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J Adolesc Health. 1997 Dec;21(6):366-73.

National cancer clinical trials: children have equal access; adolescents do not.

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Children's Cancer Group, Arcadia, California, USA.



To determine whether adolescents with cancer, who in comparison to younger patients have a higher cancer incidence and lower mortality reduction, have equal access to national cancer clinical trials.


The ethnic/racial distribution of 29,859 subjects < 20 years of age entered onto National Cancer Institute-sponsored clinical trials between January 1, 1991, and June 30, 1994, was compared with the expected distribution of patients of the same age in the United States.


The Children's Cancer Group and Pediatric Oncology Group had 29,134 (97.6%) of the total study entries among < 20-year-old subjects during the 3.5 years of surveillance. The adult cooperative groups accounted for < 3% of the clinical trials entries in the 15-19-year age range. When analyzed nationally by region, the under-representation of the older adolescent subjects was universal. From other analyses, the two pediatric cooperative groups were estimated to have registered > 94% of the children < 15 years of age who were expected to have been diagnosed to have cancer, but only 21% of the cancer patients in the 15-19-year age group.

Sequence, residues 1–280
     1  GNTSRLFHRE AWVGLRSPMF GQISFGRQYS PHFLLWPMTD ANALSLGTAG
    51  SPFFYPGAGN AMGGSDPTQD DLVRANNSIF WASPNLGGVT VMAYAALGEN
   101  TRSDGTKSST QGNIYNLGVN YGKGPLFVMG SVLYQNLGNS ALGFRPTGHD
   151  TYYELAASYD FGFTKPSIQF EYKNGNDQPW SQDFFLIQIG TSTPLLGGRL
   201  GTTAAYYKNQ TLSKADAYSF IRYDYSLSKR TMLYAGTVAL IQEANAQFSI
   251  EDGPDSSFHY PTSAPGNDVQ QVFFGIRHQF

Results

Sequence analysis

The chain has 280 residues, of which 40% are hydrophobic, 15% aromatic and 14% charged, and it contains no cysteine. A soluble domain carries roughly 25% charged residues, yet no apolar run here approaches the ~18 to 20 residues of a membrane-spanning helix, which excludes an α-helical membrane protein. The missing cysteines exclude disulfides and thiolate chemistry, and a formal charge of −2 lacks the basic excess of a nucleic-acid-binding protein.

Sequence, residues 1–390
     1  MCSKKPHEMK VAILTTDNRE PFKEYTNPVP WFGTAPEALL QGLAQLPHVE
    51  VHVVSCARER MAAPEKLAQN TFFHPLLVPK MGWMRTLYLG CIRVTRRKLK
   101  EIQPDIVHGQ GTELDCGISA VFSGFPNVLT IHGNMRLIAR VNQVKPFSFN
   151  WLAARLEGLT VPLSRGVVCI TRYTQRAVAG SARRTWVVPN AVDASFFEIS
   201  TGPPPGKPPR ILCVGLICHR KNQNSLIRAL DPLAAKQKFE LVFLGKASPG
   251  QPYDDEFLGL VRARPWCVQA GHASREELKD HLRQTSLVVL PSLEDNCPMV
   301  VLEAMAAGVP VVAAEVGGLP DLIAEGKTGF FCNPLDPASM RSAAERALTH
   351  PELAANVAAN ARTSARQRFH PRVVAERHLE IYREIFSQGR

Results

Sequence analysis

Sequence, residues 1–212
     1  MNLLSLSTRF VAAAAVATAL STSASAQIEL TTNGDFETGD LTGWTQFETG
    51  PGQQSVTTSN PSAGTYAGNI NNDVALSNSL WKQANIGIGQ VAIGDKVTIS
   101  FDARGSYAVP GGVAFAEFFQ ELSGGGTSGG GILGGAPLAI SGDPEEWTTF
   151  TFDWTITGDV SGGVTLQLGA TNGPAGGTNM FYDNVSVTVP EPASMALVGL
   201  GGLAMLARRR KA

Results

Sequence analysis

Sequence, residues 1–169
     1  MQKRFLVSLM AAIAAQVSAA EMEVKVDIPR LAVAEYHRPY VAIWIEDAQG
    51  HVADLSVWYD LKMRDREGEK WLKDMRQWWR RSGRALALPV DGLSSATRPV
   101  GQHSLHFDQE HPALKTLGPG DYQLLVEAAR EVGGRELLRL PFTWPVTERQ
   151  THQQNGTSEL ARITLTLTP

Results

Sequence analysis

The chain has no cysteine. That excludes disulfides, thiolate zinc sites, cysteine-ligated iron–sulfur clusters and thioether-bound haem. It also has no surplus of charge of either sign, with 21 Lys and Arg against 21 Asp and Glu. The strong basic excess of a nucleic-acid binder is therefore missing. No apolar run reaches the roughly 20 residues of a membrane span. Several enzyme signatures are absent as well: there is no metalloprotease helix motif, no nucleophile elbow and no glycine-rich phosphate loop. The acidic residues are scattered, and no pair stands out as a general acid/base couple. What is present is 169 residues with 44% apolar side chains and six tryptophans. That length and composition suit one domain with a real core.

The national pediatric cancer cooperative groups allow the majority of American children < 15 years of age and their families equal opportunity to access clinical cancer trials, regardless of race or ethnicity. Among patients 15-19 years of age, however, > 75% are not being enrolled by any cooperative group sponsored by the National Cancer Institute. Thus, older adolescents are disadvantaged with respect to access to the national clinical trials, regardless of their race or ethnicity.

[Indexed for MEDLINE]

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